The federal government will provide $21m to 13 research projects that focus on the risk and reduction, prevention and tracking of dementia.
Reportedly, the total investment under the National Health and Medical Research Council’s Boosting Dementia Research Grant scheme is said to have reached its $200m allocation.
According to Dementia Australia CEO Maree McCabe, research projects that focus on dementia risk reduction and prevention are paramount in the fight against the chronic disease. She adds that they are expected to help increase knowledge around dementia and be beneficial to generations of Australians.
“These research projects are crucial as we know that without medical breakthrough, an estimated 1.1 million Australians will be living with dementia by 2058,” she said.
“It is paramount that dementia continues to be a focus through the National Institute of Dementia Research and the Medical Research Future Fund within the broad parameters of health, ageing and aged care.”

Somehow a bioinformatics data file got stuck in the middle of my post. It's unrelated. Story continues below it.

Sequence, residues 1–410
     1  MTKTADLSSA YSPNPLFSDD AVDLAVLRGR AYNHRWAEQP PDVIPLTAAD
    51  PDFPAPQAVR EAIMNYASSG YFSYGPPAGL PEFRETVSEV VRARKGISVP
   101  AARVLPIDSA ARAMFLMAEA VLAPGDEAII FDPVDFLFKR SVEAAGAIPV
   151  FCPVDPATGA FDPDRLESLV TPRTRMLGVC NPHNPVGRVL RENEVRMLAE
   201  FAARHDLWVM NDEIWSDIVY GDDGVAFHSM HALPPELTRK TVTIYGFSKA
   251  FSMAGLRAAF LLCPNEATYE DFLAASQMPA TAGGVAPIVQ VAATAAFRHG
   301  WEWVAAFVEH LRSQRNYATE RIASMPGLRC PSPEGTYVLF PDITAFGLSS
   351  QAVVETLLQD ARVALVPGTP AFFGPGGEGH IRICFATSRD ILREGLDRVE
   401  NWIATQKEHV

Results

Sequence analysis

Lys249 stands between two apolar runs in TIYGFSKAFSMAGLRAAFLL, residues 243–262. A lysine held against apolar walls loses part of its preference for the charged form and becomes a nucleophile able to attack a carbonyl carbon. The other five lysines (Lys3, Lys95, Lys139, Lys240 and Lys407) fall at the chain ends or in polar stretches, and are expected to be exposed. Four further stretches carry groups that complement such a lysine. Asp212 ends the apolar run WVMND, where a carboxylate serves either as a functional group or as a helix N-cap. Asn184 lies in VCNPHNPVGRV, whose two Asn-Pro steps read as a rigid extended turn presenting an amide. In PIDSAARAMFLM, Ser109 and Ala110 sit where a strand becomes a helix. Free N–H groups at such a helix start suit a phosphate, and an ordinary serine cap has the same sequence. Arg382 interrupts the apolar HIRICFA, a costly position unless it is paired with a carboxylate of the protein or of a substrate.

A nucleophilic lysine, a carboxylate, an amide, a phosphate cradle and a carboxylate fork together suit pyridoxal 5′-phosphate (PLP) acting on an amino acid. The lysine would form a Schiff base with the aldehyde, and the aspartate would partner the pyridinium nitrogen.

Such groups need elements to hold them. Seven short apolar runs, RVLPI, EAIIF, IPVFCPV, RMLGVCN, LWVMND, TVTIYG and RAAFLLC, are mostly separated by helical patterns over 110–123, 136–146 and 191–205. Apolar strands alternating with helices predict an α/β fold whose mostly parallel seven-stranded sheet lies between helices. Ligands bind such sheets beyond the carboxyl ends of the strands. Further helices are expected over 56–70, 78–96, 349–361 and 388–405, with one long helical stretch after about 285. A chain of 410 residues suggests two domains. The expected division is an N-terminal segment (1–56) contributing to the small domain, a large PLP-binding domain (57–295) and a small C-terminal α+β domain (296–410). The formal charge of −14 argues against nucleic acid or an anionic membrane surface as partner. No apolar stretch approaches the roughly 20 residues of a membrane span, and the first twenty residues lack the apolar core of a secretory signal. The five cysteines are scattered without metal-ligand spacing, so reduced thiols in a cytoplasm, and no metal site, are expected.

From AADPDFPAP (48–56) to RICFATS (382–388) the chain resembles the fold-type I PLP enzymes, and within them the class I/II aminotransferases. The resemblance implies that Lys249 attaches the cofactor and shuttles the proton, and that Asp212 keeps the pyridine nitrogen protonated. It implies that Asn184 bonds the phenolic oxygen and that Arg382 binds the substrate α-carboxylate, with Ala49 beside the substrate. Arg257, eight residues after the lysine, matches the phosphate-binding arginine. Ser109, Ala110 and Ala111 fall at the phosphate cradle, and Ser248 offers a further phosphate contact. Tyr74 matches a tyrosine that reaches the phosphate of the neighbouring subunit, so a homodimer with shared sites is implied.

Reportedly, one of the initiatives benefiting from the funding is a project at the National Centre for Healthy Ageing at Peninsula Health-Monash University. This is said to be the first initiative in Australia to use electronic record data to develop ways of monitoring the prevalence of dementia.
“Better data on dementia underpins targeted capacity building in the sector and will assist the long-term planning of dementia care in Australia,” Ms McCabe said.
She added: “Dementia Australia calls on the federal government to make dementia a priority, to create an inclusive future where all people impacted by dementia receive the care and support that they need and deserve.”